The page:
By Josh Boyd
With turkey season just over the horizon, hunters across the nation will begin to sort through their gear from the previous year and ponder worthy purchases for the weeks ahead. Though shells, decoys, and blinds are often in high demand, few items receive as much attention during this time of the year as turkey calls.
While most individuals own at least one call that they would not part with for any amount of money, those that are new to turkey hunting, or running a call, likely find themselves lost in the vast sea of today’s market offerings.
Standing in front of a twenty-foot long wall of calls in an aisle of your local sporting goods store can often be somewhat intimidating if you do not know where to begin when making your selection. This is hardly an issue contained to newcomers of the sport, as many veteran turkey hunters become similarly dismayed at the thought of varying from what has produced successes in the past.
With such a broad spectrum of calls to choose from, how is one to know where to begin? How do you know which turkey call is best suited to your needs?
The box call is one of the oldest and most commonly used varieties of turkey calls. This call consists of a hollow, rectangular box and a paddle that free-floats on a pivot to allow reciprocating movement across the top edges of the box’s open sound chamber. The resulting friction emits turkey-like sounds that can be used to lure a wise tom into range.
Box calls are an excellent choice for both beginners and seasoned hunters alike. A simple series of yelps or cuts can be reproduced with a minimal learning curve, and those that are new to box call use can become proficient in relatively short order.
Additionally, a box call is capable of cranking out yelps at eardrum-shattering decibel ranges, making it a great choice when attempting to get the attention of a distant gobbler. However, with ample practice, the sound output can be toned down to a level that is ideal for working a tom that is nearly in range.
Pot And Peg Call
Pot and peg calls, or slate calls as known by many, are another constant companion of a countless number of turkey hunters each spring. These calls utilize a handheld striker (peg) that is drawn across the surface of a friction medium, which is contained within a dish-shaped housing (pot), to create turkey-like sounds.
A pot and peg call is extremely versatile, as it can replicate nearly any vocalization of the hen turkey, and can do so at nearly any volume. Though these calls can take a little practice to master, most individuals can become proficient enough to work birds without much trouble.
Many varieties of the pot and peg call exist in today’s market, with the most notable difference being in the type of surface material that is used. These materials include glass, aluminum, and slate, among several others. Each surface material features different tonal characteristics with some being substantially more far-reaching in regards to volume than others.
If you are new to turkey hunting or running a call, and have limited time to practice before season commences, the push-button call is quite possibly the call for you. These calls consist of a box with a wooden surface contained within, and a push-button rod that is attached to an additional corresponding friction surface. With the push of a button, these two surfaces rub against one another, reproducing realistic turkey vocalizations.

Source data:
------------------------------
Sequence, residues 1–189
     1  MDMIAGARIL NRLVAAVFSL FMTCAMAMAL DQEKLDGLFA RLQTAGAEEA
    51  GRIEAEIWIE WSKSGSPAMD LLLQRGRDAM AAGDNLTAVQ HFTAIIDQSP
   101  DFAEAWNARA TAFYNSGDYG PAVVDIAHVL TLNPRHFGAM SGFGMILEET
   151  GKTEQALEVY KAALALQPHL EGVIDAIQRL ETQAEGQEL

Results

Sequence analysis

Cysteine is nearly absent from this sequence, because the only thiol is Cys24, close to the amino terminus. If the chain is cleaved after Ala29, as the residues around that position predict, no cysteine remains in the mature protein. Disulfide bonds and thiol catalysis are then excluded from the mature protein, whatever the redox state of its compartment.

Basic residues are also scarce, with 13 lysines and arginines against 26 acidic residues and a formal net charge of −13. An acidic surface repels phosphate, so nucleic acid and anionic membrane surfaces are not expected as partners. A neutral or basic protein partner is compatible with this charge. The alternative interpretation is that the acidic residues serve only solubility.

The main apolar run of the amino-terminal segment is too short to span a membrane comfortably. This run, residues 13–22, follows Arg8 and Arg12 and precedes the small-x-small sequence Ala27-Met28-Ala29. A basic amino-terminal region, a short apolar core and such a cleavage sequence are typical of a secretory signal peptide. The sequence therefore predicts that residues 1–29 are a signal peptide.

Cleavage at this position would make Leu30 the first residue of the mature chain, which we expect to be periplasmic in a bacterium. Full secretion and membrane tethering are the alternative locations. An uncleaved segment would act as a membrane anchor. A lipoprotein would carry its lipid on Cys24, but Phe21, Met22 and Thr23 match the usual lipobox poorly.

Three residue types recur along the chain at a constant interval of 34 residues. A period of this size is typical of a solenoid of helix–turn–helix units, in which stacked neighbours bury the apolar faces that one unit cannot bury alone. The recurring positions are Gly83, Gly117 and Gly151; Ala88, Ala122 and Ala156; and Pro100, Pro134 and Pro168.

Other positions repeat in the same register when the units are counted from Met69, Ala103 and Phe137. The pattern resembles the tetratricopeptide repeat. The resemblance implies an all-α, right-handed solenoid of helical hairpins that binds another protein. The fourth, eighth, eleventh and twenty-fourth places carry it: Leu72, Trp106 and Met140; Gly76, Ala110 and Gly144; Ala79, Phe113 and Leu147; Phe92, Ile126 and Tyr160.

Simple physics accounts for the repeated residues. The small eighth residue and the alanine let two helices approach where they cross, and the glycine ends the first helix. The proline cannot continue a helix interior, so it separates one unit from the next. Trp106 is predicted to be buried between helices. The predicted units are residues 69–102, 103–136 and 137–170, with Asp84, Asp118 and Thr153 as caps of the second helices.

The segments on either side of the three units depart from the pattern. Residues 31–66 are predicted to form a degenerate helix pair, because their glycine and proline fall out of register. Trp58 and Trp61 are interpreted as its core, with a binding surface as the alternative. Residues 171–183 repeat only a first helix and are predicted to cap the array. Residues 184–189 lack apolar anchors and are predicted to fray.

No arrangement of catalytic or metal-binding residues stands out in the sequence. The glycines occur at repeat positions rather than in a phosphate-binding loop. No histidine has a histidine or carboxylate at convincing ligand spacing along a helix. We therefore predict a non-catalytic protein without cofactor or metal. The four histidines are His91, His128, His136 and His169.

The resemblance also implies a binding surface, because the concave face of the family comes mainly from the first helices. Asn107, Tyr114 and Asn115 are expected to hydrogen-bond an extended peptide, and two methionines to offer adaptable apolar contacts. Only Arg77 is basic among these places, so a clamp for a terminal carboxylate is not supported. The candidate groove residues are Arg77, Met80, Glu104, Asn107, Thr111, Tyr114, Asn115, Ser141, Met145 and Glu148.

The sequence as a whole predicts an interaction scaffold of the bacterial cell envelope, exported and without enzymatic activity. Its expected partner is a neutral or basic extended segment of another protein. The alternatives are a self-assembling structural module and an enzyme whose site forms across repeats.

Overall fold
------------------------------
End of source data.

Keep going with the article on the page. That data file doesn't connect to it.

The push-button call takes only minutes to become accustomed to, and can be used to a high degree of success, much the same as that of any other variety of calls. These calls are also a wonderful way of introducing children to calling, as even the most novice of callers can easily produce sufficiently realistic yelps, clucks, and purrs.
Another added advantage of a push-button call is that it can be manipulated with minimal movement, using only one hand when the need arises. This makes it a wonderful tool for finishing stubborn gobblers when cover is scarce.
It is no secret that diaphragm calls have garnered much fanfare for many years, and only seem to be growing in popularity with each successive season. These calls take versatility to the max, accurately replicating the vocalizations of a wild hen turkey at every turn.
A diaphragm call is made up of a series of reeds, commonly made of latex, that are stretched across a metallic horseshoe-shaped frame. When a hunter forces air across these reeds, the resulting vibrations create a myriad of vocalizations including yelps, clucks, cuts, and purrs.
Of added benefit is that a diaphragm call requires no hand movement to operate, making it the ultimate in stealth when seeking to seal the deal under the ever-watchful eye of an alert tom. A hunter can adjust the volume of his or her calling by simply changing the amount of air that is expressed across the call’s reeds.
Selecting a Call That Fits You
When selecting the best call to suit your needs, many factors come into play. One must give due consideration to factors such as the style of hunting in which they partake in, as well as personal preferences toward their favored calling approach, when assigning value to one style of call over another.
Perhaps the best solution to such a decision is to expand your horizons and give all the above-mentioned calls their rightful spot in your turkey vest this spring. You will be assured to never be without just the right call for the situation at hand.